There was even an ABC special report called “Signs of Fear” that listed the fear of public speaking in the #1 spot.

More recently, according to a survey for Reasontospeak.com conducted by Newspoll in Australia, Public Speaking is feared almost as much as death!

The research shows that 23 per cent of Australians fear public speaking more than death, compared to 27 per cent who ranked death as their number one fear.

I am not precious about what passes different “fear” polls at different times.

What is conclusive is that over the years, the fear of public speaking causes a lot of serious concern to a considerable number of people.

Well, research shows that women have a greater fear than men. I don’t know the reasons for this. I know many women find it difficult to project their voice. I also know a few men who are supremely confident about staying and keeping going. Actually, a few of those characters I’ve seen in action don’t need coaching to overcome fear, but they definitely need coaching on how not to piss the pants off their audience!

In general, the more educated someone is, the less fear they have of speaking to an audience. This probably has something to do with presentations at university, etc.

But then again, not being afraid is very different from being really good at it!

According to the Reasontospeak.com study in Australia, 25 percent of the 35 to 64 age group fear public speaking more than death, compared to only 18 percent of the 18 to 34 age group Maybe younger adults are less afraid, but it could be that older adults are reaching leadership positions where the results of public speaking have a much greater impact on company finances and employee morale. than young managers starting their careers.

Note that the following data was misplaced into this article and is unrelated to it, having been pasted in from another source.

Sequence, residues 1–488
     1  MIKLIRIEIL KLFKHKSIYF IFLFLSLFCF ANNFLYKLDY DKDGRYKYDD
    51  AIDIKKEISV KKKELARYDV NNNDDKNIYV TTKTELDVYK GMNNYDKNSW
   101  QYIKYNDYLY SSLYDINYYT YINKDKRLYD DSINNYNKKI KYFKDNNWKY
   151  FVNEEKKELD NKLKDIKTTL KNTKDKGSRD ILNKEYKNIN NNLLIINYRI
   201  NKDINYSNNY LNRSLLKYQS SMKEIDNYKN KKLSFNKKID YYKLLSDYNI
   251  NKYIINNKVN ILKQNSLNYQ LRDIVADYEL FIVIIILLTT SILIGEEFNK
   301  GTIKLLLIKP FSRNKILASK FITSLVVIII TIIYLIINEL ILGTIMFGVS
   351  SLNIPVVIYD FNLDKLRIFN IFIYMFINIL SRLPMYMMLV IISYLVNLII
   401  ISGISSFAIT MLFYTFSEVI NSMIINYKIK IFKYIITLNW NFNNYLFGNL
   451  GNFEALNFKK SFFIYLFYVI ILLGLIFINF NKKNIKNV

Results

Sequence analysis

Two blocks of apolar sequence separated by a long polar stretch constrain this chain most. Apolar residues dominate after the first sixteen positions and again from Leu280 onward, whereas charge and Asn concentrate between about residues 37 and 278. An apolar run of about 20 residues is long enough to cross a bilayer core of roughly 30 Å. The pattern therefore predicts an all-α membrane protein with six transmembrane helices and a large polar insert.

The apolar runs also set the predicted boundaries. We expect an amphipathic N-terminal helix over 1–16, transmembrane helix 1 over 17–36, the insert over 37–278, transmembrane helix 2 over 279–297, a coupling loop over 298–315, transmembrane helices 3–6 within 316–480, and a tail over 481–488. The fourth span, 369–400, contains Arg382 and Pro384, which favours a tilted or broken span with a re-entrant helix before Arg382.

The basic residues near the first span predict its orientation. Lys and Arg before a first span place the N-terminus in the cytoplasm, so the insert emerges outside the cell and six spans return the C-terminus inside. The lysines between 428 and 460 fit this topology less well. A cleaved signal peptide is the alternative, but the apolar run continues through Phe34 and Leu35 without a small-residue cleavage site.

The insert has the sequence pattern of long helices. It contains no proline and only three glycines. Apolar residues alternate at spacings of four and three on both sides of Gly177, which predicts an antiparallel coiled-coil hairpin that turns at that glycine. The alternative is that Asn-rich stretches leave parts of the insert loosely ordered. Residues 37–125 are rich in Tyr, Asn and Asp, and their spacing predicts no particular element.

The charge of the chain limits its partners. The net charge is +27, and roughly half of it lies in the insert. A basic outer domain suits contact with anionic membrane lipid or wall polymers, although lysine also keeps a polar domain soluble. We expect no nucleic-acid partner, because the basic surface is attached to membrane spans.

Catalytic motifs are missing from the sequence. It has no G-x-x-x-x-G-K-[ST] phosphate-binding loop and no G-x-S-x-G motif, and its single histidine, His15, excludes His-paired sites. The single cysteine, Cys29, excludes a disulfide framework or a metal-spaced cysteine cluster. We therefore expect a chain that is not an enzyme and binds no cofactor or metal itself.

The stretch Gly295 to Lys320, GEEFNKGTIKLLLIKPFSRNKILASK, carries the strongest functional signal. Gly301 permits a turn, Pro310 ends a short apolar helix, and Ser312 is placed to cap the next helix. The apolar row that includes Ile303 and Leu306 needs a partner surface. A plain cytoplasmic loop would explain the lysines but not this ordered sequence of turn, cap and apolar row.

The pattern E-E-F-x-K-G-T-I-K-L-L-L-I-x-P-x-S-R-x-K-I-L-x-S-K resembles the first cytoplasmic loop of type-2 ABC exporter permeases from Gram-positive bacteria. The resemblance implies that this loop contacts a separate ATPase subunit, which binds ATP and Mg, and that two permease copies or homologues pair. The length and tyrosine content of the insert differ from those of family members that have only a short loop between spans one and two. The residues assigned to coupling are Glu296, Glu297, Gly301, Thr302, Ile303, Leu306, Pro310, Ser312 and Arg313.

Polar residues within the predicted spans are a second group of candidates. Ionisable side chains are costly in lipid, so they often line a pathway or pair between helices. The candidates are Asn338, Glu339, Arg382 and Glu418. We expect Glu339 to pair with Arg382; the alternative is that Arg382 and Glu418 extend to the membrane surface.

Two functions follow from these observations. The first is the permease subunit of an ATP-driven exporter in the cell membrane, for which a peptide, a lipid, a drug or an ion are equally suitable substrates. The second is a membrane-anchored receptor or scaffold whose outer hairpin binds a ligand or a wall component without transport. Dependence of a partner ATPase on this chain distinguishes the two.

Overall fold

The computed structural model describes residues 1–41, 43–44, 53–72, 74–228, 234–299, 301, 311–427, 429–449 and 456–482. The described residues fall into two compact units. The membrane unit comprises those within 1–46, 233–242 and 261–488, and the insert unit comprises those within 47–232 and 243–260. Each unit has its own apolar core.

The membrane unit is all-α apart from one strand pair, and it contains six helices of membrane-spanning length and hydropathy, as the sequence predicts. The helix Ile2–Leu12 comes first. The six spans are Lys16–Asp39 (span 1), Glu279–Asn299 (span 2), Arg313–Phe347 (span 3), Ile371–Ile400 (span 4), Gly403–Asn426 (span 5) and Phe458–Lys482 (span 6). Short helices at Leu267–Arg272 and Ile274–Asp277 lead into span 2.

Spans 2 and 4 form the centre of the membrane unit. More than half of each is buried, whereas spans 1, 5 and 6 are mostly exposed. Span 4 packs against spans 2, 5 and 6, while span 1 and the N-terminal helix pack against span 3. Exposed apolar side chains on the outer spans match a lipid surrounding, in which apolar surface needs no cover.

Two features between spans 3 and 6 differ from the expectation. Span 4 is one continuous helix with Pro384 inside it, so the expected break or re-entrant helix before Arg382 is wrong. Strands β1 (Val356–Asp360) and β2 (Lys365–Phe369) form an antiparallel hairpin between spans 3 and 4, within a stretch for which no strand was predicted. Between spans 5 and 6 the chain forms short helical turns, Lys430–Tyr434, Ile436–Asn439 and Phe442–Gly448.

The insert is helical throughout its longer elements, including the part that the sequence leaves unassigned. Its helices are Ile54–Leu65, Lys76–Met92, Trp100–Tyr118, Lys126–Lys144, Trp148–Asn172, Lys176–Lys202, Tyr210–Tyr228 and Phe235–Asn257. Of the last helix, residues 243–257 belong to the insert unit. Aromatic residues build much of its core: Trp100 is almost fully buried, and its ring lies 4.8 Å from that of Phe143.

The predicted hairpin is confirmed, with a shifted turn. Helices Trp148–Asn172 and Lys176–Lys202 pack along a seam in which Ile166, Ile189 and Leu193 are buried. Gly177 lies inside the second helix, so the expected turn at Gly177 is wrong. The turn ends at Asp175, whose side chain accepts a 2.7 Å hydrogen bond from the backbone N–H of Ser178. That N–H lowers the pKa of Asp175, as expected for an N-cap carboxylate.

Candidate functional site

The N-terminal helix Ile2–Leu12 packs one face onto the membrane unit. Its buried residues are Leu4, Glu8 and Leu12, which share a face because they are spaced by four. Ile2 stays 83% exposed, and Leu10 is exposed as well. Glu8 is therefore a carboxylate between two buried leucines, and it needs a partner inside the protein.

The author of the survey actually said “Most business leaders spend, on average, 85 percent of their time speaking and listening as opposed to writing. Therefore, public speaking becomes a crucial communication skill for everyone in the world of work, as well as being a vital component in career advancement.

Personally, I look around the world and my community and think there are much bigger things to worry about than Public Speaking. Of course, we all have nerves when we have to step into the fire. I don’t think nerves are any different, whether you’re giving a financial presentation to investors or giving a wedding speech or an after-dinner speech at the golf club dinner.

The key is to learn and practice skills such as:

· Speech writing – how to start and how to end a speech, logical flow, etc.

· Speech Delivery – be heard, sound interesting, sound authentic

· Body language – eye contact, postures, movement, gestures

· Impromptu speaking

· Preparation

· Understand your audience

You can develop these by hiring a speech writer or public speaking coach, purchasing a self-development course to study at home, attending a public speaking class or course, purchasing a book, or joining an organization of training such as Toastmasters International or the British Association of Speakers. Clubs.

Public speaking is only one facet of business communication, but it’s a skill that becomes more important the higher up the leadership ladder you go. There is a sense of expectation from colleagues, employees, customers and third parties, that senior leaders can communicate fluently in any situation.

Take the time to develop this crucial communication skill to boost your confidence so that you do well, no matter where your fear of public speaking comes in on the final survey.